LTER-D news: German multi-site network Malaise trap project
31 December 2021
In 2019, as a response to alarming insect decline in Germany (e.g. Hallmann et al. 2017), the German network for Long-Term Ecological Research (LTER-D) launched the first nationwide Malaise trap project.
The aim of the project, run in cooperation with Nationale Naturlandschaften (German umbrella organization of large protected areas), is to collect data on insect species diversity and population development in typical habitats in Germany, and to help to identify the processes underlying insect declines and thus develop adaptation strategies.
Tent-like malaise traps are suitable for trapping a wide range of flying insect species. Typically these samples are quite large by trapping thousands of insects. It is easy to measure basic variables like biomass, but the meaningful ecological information gained by in depth community analysis requires automated methods to actually identify the species. The project is unusual in that it has been running so far without basic funding, relying instead on voluntary support from Senckenberg, UFZ and the other participants. In total, about 80 traps have been set up at 28 sites stretching from Germany’s sea coast in the north to the Alps in the south – mainly in agricultural landscapes, semi-natural forests, floodplain forests and floodplain grasslands.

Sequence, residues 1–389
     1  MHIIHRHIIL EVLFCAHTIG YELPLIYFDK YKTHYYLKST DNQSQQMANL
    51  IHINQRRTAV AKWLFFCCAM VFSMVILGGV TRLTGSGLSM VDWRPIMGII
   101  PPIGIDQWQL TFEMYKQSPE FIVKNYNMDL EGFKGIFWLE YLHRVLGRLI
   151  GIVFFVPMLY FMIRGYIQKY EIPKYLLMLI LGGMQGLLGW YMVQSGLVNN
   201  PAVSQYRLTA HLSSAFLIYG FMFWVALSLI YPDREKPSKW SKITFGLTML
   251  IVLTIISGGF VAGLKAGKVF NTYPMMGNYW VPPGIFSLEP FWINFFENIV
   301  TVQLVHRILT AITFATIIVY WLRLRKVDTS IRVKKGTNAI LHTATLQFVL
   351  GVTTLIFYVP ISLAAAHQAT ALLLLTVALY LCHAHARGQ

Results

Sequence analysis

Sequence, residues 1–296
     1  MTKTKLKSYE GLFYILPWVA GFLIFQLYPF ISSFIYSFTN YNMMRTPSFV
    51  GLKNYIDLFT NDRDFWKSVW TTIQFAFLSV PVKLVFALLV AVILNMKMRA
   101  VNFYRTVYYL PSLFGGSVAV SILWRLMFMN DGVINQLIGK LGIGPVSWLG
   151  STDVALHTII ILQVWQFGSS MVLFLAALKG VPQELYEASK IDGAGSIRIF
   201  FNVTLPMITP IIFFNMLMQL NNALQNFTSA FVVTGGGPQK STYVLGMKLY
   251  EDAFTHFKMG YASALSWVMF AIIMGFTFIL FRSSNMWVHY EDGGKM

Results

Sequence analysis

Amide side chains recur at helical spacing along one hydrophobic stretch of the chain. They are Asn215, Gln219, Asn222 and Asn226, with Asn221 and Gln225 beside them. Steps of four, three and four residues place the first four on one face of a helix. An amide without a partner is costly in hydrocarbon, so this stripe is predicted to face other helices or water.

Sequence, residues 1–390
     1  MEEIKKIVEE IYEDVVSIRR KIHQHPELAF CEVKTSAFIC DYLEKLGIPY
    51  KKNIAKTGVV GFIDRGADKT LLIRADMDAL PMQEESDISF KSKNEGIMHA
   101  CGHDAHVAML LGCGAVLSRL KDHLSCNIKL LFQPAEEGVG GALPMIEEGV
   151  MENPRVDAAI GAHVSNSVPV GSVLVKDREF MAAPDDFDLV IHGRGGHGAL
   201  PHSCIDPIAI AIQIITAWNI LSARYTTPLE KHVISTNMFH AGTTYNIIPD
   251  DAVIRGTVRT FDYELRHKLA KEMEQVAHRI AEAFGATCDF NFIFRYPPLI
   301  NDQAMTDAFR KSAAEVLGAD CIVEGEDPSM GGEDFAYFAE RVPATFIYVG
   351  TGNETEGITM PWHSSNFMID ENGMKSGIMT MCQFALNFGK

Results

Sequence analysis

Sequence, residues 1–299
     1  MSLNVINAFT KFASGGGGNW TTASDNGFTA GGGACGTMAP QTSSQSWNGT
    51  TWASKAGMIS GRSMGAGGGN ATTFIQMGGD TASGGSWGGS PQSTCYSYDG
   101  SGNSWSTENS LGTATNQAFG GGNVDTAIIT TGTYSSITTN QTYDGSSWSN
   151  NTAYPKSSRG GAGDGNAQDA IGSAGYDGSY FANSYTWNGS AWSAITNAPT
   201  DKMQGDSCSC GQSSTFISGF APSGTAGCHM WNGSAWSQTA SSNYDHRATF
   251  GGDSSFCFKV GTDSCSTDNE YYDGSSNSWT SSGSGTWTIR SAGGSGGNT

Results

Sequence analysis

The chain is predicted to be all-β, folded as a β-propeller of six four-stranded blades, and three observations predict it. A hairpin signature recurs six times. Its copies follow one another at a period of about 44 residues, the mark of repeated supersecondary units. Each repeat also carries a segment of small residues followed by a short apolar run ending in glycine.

In a first approach, biomass data from 2019 were analyzed. It turned out that temperature is the major factor affecting biomass variation of trapped insects in time and space. Accordingly, the biomass of samples across Germany increased linearly with monthly temperature. Only in the hot months of June and July did the higher temperatures result in lower biomass levels. Moreover, the positive effects of temperature on flying insect biomass diminish at locations where temperatures most exceeded long-term averages (Welti et al. 2021, DOI: 10.1111/icad.12555).
Currently, metabarcoding is underway for approximately 2,000 samples collected in 2019 and 2020. This genetic analysis creates a dataset that is unique for Germany, with hundreds of thousands of identifications in just a few weeks, providing information about the complete species composition of each sample. This opens a wealth of new analysis options considering traits of species and species groups.
Ellen Welti et al. (2021). Temperature drives variation in flying insect biomass across a German malaise trap network. Insect Conservation and Diversity. DOI: 10.1111/icad.12555